Catch up!

Greetings faithful blog readers!

Apologies for not keeping up my end of the bargain here and providing you with fresh new content on a regular basis.  I have no excuse really…other than I’ve been settling in nicely, creating new routines, keeping myself busy and wasn’t finding time or making blogging a priority.  I guess you could somehow consider that a good thing!  I certainly am not bored nor have a lack of things to do when not at work here.

So my last post was at the end of November and I announced that our RIT Dubai president was picked to be the deputy prime minister of Libya.  He’s still in that role and we are now searching for a new leader.

December was spent prepping for my 2 week visit home to the states and visiting family and friends in both Rochester and the greater Buffalo area.  That all went well especially the fact that I saw almost no snow the entire time I was there.  It truly was the winter that wasn’t.  Of course it would be in a year that I move to the desert to escape the cold and snow.  Watch!  Winter 2012/3 will go down in the records books for all the wrong reasons and I’ll be there.   Regardless it was great to be home and the time passed quickly.  I was able to freshen up the house for the new tenant and go through tons of mail that had accumulated while I was away.  I was even able to pick up a prize — a new white wool pea coat!  And I was notified of several other prizes that would be delivered.  Also picked up my new iPhone 4S and stocked up on things that either can’t be found in Dubai or are wickedly expensive here.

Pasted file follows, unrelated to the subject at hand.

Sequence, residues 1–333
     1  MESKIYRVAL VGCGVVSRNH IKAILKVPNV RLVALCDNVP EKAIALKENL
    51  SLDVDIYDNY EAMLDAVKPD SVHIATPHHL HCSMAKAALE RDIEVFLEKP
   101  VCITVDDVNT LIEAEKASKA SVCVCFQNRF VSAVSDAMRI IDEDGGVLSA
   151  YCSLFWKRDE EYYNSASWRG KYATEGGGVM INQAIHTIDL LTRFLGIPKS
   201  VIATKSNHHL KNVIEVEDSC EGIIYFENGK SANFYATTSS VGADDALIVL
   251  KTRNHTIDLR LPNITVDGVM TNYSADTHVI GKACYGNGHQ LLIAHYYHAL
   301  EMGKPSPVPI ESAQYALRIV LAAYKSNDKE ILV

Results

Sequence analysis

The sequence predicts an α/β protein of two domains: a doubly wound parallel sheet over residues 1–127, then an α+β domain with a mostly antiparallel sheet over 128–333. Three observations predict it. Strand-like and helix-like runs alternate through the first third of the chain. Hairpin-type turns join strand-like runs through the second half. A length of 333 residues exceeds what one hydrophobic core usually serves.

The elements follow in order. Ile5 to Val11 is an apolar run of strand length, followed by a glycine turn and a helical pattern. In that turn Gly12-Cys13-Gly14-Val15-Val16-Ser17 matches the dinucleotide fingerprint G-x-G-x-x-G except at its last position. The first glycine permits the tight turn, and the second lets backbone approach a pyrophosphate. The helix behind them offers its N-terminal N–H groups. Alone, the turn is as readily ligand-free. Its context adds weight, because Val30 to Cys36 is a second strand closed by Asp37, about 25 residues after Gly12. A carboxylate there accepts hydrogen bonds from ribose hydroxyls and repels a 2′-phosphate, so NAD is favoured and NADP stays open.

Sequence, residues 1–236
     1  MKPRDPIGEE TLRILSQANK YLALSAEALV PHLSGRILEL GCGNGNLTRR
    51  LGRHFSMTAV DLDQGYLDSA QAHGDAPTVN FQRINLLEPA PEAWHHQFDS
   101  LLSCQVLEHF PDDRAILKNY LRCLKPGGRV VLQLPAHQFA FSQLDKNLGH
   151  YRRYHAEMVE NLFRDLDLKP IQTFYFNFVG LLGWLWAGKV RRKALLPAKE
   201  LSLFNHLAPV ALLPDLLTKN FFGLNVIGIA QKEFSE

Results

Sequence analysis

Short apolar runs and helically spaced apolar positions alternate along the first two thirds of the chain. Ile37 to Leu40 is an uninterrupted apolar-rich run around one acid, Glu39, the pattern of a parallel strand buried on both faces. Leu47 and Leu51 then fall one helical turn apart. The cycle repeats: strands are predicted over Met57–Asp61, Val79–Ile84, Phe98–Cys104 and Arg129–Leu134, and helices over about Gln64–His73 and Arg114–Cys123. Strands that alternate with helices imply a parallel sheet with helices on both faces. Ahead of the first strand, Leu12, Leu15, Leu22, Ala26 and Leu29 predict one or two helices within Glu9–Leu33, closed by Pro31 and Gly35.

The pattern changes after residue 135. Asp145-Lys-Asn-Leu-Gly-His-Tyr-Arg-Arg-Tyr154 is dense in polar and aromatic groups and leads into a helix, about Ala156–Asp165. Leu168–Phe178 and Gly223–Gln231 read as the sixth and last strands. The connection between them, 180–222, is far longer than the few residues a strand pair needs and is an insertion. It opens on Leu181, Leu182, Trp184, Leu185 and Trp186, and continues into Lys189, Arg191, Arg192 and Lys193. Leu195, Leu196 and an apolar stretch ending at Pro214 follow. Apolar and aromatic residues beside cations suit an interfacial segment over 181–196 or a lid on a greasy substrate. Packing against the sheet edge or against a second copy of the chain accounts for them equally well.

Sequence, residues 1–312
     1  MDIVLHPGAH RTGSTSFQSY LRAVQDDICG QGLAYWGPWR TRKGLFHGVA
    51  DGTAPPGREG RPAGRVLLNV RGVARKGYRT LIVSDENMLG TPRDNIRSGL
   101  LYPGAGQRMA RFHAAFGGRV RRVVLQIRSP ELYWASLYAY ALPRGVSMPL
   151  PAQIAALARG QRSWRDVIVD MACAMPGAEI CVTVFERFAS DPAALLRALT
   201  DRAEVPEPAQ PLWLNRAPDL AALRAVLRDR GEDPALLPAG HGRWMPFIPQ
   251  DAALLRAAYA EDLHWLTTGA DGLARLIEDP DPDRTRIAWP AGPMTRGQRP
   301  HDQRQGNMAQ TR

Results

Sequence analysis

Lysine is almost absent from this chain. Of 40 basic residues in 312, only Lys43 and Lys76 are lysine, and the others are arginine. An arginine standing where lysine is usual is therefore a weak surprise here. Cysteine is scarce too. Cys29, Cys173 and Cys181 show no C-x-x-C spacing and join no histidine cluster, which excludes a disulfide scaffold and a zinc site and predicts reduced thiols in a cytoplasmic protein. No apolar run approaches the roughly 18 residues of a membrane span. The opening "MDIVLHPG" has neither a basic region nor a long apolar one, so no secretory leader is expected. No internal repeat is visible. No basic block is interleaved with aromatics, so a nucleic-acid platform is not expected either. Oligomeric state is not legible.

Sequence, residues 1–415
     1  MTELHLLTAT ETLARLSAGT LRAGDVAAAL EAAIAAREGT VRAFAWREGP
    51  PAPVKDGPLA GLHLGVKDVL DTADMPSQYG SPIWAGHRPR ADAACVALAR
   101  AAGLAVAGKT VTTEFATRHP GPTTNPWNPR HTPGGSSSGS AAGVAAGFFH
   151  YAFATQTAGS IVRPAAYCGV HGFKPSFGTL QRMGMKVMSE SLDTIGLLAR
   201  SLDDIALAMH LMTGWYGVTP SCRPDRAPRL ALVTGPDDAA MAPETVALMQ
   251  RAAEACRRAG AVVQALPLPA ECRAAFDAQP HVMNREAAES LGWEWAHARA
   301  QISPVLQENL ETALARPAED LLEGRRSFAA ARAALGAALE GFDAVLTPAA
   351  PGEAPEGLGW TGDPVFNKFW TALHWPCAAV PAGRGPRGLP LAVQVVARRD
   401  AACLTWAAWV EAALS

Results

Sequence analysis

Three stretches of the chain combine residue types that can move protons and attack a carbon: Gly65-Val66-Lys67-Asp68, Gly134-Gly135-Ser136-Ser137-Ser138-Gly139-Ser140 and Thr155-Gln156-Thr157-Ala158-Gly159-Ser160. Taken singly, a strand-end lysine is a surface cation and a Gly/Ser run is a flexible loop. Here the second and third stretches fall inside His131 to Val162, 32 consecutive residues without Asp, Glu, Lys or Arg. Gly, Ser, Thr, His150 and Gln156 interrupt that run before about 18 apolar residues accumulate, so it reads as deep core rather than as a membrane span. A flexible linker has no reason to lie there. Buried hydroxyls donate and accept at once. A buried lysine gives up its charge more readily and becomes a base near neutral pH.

The start of the new year back in Dubai meant planning for my family’s visit at the beginning of February.  I had to scope out and then plan a 9 day itinerary for 3 guests covering Dubai and the capital of Abu Dhabi.  I took a week’s worth of vacation to tour my sister, brother-in-law and a dear friend of theirs around the city. We covered it all…and by the end we deemed it “The Malls and Mosques of the Middle East” tour.

Here we are at the Mall of the Emirates. Just one of the many malls on the "Malls and Mosques of the Middle East vacation!

We moved by every means of transportation available — boat, car, metro, taxi, foot, dhow, abra, balloon, Land Cruiser/4×4 and of course they left in the Airbus A380.  We met penguins, we met camels, we met falcons, and we spied on flamingoes.  We were in a hot air balloon to see the sun rise and at a bedouin encampment to see the sun set.  We spent 13 hours in one mall and actually hardly shopped at all.  We went to the top of the tallest building in the world and went to a museum that’s mostly underground.  We saw Ferraris, Lamborghinis, Porsches, and Hummers.  We visited 2 mosques that allow non-Muslims in; one where we learned about the religion and the other where we learned about the stunning architecture.  We ate dates, we ate camel milk chocolate, we ate potatoes on a stick and we ate PappaRoti.

Sheikh Zayed Grand Mosque in Abu Dhabi. It can hold up to 44,000 worshippers at one time.

Potato on a stick (at Global Village) is the best thing to happen to a potato since the invention of the peeler!

Up, up, and away in my beautiful balloon!

Up, up, and away in my beautiful balloon! Our sunrise hot air balloon ride over the desert. My first balloon ride ever!

Oh and of course we saw the iconic Burj Al Arab, went to the spice souk, the gold souk, and saw a few performances of the Dubai Fountain.

I, of course, needed some time to recuperate from this working vacation.  Working as a tour guide can be exhausting, rewarding, and educational all at the same time.  People at work who have been here longer than I have have asked me for this itinerary slightly embarrassed that they haven’t done half of these things yet.

Then it became tax season where I had to prepare all the documents I needed to send to a tax preparer who specializes in the unique tax needs of expats.  I normally do my taxes myself with TurboTax but this year and next will be way too complicated for me to handle on my own.